I want to light some LEDs (from 1 to 5 at the same time) using a shift register. I read that the shift register is supposed to output 6mA per pin: ±6-mA output drive at 5 V, which seems a bit low so I figured I could use transistors like described below. I'm a bit confused though:

  • Are the transistors actually required or could I send the shift register output directly to the LED ?
  • What if I connect the shift register output directly to the LED (with or without a resistor) ? Will the current be safely limited to 6mA, or is it going to raise and damage the chip ?
  • I'll use the shift-register to multiplex with other outputs, which means the leds won't be turned on continuously. Does that change anything to the maximum current I can send in the LEDs/shift register ?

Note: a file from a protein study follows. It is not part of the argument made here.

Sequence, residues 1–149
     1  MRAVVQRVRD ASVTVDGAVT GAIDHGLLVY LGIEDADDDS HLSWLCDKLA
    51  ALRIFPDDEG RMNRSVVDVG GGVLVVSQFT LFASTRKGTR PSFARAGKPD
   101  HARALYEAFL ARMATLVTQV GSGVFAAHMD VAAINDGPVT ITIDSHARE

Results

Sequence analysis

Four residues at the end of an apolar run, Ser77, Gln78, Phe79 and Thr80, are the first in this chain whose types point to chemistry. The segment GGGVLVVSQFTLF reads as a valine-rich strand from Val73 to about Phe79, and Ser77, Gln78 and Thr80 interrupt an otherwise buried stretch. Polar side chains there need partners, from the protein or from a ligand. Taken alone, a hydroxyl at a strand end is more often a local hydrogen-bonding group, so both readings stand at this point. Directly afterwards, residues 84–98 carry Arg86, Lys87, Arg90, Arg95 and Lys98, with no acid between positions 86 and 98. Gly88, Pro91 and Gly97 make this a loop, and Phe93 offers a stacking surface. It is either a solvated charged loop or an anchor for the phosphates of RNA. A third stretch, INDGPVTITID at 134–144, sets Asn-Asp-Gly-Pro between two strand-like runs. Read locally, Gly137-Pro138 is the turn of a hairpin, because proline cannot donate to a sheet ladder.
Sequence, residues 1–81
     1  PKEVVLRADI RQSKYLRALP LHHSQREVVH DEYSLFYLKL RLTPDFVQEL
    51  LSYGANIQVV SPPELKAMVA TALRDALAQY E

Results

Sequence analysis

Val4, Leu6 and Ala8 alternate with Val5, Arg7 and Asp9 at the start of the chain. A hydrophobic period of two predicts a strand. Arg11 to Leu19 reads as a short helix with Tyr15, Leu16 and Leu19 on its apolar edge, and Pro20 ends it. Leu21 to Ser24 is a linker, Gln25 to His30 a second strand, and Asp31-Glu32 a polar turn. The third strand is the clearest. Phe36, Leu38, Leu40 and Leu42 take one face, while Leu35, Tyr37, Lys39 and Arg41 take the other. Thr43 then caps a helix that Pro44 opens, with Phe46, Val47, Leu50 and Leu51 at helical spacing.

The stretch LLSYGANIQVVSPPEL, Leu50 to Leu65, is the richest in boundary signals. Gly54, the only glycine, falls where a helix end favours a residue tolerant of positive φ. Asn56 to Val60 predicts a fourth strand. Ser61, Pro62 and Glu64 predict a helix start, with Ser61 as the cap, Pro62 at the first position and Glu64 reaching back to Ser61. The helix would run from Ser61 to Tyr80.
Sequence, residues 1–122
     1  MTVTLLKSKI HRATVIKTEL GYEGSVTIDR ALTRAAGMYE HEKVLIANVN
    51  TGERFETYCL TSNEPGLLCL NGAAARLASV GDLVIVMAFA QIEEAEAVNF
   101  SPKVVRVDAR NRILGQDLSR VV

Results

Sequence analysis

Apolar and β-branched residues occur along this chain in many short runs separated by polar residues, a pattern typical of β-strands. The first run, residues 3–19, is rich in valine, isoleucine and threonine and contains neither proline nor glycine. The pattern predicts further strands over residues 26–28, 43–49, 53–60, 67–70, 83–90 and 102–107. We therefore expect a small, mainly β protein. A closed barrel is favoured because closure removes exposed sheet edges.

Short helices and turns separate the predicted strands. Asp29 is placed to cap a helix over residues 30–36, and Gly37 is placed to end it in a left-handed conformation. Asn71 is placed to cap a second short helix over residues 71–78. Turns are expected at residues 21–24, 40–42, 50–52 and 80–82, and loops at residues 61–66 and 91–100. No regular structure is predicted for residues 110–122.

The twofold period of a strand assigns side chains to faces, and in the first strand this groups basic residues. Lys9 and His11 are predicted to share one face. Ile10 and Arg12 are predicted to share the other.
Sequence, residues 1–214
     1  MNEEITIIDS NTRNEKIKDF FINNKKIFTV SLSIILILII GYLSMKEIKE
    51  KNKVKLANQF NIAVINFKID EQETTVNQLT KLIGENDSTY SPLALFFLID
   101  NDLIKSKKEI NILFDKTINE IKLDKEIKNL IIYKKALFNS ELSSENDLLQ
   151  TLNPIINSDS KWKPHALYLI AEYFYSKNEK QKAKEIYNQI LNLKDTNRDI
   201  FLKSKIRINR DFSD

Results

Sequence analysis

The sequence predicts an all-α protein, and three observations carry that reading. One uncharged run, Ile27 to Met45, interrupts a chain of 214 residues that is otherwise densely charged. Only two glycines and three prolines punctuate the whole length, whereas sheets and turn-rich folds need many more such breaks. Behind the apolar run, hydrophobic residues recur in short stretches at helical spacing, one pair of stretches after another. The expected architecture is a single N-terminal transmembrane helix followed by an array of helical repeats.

[edit]: the LED should be moved to the collector-side, as mentioned by @vir.

Option A: with transistors

with bjts

Option B: The more basic approach:

enter image description here

  • 1
    \$\begingroup\$ You pretty much have to use a transistor if you also want to use the chip output to drive other logic. \$\endgroup\$
    – Dave Tweed
    Commented Jan 9 at 22:57
  • 1
    \$\begingroup\$ the LED should be on the collector of the transistor \$\endgroup\$
    – jsotola
    Commented Jan 10 at 0:18

5 Answers 5


The use of a transistor may be required, be desirable, be optional or be superfluous depending on how much peak current you need to pass through the LEDs.